A blockage can occur at any point in the tear drainage system, called a nasolacrimal duct obstruction, from the puncta to your nose. When that happens, your tears don’t drain properly, giving you watery eyes and increasing your risk of eye infections and inflammation.
Depending on the severity of your blockage, surgical treatment may be recommended. For a partial blockage of your tear drainage system, a stint is recommended.
David Silbert, MD, FAAP conducts this procedure endoscopically and it is often referred to a Keneka procedure.
Before a stent procedure, patients will first have a probe and irrigation (see probe and irrigation handout) either in the office for adults or at the outpatient surgery center for young children.
A Kaneka Stent
The Kaneka Lacriflow Stent is a self-retaining stent with a wider inner diameter and portion distal than other stents available, which can lead to better improvement of your tear drainage system during and after removal. The stent is also self retaining: that means that the stent does not need to be tied to the nose or removed through the outside of the nose. It can be removed in the office at the punctum.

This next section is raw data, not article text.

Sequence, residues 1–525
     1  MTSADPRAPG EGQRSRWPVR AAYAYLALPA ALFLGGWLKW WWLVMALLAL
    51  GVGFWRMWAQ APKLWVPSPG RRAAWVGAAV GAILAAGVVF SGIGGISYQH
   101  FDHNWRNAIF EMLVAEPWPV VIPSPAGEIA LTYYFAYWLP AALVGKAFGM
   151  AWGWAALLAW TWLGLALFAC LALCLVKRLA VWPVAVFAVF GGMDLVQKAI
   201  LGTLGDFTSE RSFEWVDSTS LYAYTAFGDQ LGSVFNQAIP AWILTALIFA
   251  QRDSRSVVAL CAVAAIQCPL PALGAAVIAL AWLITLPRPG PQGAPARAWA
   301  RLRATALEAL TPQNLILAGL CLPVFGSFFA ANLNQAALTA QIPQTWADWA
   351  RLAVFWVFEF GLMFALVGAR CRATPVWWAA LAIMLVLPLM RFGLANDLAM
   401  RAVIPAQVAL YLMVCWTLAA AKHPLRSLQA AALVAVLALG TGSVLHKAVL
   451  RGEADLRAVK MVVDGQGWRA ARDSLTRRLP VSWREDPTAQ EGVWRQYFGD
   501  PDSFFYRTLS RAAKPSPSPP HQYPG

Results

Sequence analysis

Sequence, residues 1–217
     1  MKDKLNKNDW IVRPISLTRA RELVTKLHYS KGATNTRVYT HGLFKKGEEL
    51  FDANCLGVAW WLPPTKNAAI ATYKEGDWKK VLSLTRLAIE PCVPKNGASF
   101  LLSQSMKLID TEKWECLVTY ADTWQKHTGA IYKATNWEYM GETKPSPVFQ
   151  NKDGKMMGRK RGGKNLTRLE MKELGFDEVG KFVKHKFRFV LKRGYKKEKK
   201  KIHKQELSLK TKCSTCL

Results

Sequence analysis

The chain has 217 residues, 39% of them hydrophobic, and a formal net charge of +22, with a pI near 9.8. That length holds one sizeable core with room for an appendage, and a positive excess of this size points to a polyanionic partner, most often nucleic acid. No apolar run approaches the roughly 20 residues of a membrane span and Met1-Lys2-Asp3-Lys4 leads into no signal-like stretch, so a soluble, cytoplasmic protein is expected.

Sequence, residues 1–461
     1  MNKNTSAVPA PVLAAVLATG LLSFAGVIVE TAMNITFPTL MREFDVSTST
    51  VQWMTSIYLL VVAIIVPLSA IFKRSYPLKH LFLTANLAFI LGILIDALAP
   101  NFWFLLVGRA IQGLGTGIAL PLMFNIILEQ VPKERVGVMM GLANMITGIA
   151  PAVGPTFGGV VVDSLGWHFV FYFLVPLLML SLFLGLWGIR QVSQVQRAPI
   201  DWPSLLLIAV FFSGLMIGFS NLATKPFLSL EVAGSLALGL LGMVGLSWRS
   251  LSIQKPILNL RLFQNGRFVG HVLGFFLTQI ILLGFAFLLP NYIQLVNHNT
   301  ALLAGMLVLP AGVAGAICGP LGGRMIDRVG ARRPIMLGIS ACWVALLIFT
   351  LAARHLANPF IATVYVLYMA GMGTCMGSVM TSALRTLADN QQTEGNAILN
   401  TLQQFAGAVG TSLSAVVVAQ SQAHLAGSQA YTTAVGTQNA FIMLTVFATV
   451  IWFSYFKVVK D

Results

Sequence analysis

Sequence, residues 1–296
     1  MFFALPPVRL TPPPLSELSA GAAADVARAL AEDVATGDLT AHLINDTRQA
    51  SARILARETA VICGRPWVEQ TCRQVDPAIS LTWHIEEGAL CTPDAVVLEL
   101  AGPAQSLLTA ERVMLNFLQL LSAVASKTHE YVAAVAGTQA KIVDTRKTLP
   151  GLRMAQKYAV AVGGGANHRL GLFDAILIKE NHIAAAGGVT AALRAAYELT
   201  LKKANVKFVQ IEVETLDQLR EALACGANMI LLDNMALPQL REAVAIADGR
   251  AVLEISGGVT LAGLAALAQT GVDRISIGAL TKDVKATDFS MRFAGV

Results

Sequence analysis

The Kaneka stent is inserted endoscopy and the procedure can be conducted under local anesthetic in the office, or at an outpatient surgery center. A small loop of tubing will stay visible in the corner of your eye, and the tubes are generally left in for about three months before they are removed. Possible complications include inflammation from the presence of the tube.
Post-Surgical Follow Up
Postoperative care frequently includes the use of a topical antibiotic and corticosteroid eyedrops, as well as oral antibiotics and/or corticosteroid.
Why Dr. Silbert
Dr. Silbert is one of only surgeons in the country who utilize the Kaneka Stent and perform stenting surgery. It is the newest and best way to treat chronic and partially blocked tear ducts.
Dr. Silbert also performs this procedure endoscopically. This means, there is on incision on the outside of the face and there is no scarring. Performing the procedure endoscopically also means the surgery is less invasive and safer for the patient.
In addition, removal of the stents is safer, easier, and causes far less stress and hassel for the patient.